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Meet Shawn Jordan

Meet Shawn Jordan

Leaders Making History: Shawn Jordan, Regional Vice President of Operations 

 “You don’t decide to be a leader; your team decides who they’re going to follow.”

Shawn Jordan started with the Company in 2001, “back when we walked around with candles and wrote on tablets; not the kind we have today,” he joked, giving insight to how far along the Company had come since its humble beginnings. Through growth and determination, Mr. Jordan proved himself by successfully running a location and growing into the one of the first African American multi-unit leaders within the Company.

“I got a phone call from Tracy about doing an interview. At the time, I didn’t know much about TitleMax or the title pawn industry. I was still figuring out where I was going to land with my career, so I came to Alabama to interview.”

“That interview was pivotal for me because Tracy sold me on his vision and what he was trying to accomplish. I did very little talking during the interview and afterwards, I made the decision to take on a career with a small company with big ideas rather than a big company with small ideas.”

What made you want to become a leader?

“I have always played sports and have been the captain of the teams. You don’t decide to be a leader; your team decides who they’re going to follow. Playing sports gave me a knack for leading.”

“The other aspect was growing up in the church. People saw something in me. They pushed me into roles that would develop me as a leader. Jr. Usher board, Jr. Deacon Board; all of those things helped me because I had peers, and I had to help point (them) in the right direction.”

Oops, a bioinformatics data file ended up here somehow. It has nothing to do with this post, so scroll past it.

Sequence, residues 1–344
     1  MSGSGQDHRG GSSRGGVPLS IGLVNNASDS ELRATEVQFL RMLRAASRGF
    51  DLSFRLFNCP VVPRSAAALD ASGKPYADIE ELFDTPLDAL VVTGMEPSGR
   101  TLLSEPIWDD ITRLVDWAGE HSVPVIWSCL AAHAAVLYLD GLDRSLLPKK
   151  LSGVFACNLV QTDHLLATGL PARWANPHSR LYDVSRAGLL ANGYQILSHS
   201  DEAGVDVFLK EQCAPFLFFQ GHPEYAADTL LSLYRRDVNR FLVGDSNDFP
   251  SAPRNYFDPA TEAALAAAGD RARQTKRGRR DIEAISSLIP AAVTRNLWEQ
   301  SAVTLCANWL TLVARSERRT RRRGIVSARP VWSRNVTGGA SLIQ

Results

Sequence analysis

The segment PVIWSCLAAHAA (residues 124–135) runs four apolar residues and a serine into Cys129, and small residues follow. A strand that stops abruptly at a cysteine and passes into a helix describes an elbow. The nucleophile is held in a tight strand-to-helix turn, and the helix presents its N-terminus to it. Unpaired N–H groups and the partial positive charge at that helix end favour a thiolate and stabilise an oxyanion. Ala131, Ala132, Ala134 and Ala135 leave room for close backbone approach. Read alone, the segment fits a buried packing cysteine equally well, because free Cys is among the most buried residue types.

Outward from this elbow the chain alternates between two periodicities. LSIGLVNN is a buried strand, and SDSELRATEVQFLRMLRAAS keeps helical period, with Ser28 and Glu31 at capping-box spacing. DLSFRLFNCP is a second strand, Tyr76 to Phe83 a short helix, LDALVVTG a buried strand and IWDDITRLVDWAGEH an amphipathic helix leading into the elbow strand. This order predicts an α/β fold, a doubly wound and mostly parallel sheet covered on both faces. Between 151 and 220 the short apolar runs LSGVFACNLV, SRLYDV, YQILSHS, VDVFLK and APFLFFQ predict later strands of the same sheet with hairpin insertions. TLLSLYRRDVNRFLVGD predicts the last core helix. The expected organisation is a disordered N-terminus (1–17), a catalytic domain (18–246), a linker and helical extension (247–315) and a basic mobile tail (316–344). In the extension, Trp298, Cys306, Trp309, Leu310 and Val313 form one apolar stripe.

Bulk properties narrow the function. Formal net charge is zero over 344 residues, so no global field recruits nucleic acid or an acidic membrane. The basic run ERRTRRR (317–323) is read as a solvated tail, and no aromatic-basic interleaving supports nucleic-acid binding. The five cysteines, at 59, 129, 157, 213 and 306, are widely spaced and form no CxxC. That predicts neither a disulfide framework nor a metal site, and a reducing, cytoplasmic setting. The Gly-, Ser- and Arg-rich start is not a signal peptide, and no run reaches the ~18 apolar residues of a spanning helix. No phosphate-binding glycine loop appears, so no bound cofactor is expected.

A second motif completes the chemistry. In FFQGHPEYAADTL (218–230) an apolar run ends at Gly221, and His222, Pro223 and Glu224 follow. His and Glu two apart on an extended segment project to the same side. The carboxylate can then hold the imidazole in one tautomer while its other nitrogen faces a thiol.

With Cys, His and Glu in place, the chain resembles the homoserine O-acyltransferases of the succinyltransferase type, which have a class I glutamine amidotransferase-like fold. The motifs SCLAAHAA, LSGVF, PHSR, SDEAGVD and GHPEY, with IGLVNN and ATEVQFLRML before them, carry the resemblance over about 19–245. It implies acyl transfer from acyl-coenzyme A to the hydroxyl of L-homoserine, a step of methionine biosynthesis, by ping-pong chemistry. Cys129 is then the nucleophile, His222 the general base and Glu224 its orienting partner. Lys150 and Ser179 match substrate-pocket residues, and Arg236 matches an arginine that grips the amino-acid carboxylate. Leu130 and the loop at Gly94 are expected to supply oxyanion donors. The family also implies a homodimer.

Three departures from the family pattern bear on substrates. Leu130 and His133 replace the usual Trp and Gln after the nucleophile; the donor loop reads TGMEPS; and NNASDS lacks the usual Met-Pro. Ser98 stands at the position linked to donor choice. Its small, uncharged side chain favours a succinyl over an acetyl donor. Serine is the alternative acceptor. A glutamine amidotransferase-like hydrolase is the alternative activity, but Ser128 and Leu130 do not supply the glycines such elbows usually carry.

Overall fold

“Whether it’s built into you or you are brought up into leadership, it will always be in you. You have to become comfortable being a leader. My first mentor, who is still a mentor to this day, taught me how to put an imprint on people. I fell in love with helping others and helping to mold them. Leadership is not for everybody, but if it’s for you, you will never want to stop. It’s something that you will always want to work.”

What does Black History mean to you?

“When thinking on Black History, I think of certain words: ‘courage,’ ‘sacrifice,’ and ‘determination.’ To me, those words don’t get enough attention when we talk about Black History. Think about what those past leaders had to go through to stand up for what they believed, knowing they could die. They could have easily gone along their way, but they had the courage and determination to make those sacrifices.”

“To me, the term ‘Black History’ means ‘American History’. America can’t tell its story without telling the story of all of the people who contributed to the democracy. We sometimes simplify what Black History means by talking about two or three specific individuals, but hundreds of people are overlooked who have made sacrifices to push things forward for everybody. This is a moment of reflection and appreciation for those individuals.”

How do you celebrate Black History Month?

“We celebrate 365 days a year; a month should not minimalize our contribution to building America. And, we celebrate by serving. Dr. King has a quote that I have instilled in my daughters and my family, ‘Everybody can be great because everybody can serve.’ A lot of people miss what that really means but those who have accomplished this give back by way of knowledge, income, or whatever. They find a way to serve the community, no matter how small.”

What have been some of your proudest moments?

“My proudest moments have been developing my team and getting them promoted. Having a hand in their development, regardless of where they started, and helping them work their way up to get promoted. I’m most proud when I see someone that I have touched in some type of way through six degrees of separation or when someone wants to shadow me because of my time here and my knowledge.”

What advice would you give to emerging leaders?

“First, being chosen as a leader is a privilege and a burden at the same time; approach it that way. Second, don’t give speeches. Talk to your people. Dictators give speeches, leaders talk to their teams. Lose the ego. Change the ‘I’ to ‘we’, because you are not leading if you’re saying, ‘I want to do this.’ You win as a team. If ‘we’ are not successful, you will take responsibility for that as a leader. Every piece of advice for leaders would fall under those categories.”

“Also, do a little extra. If you do a little extra, they you become extraordinary as a leader.”

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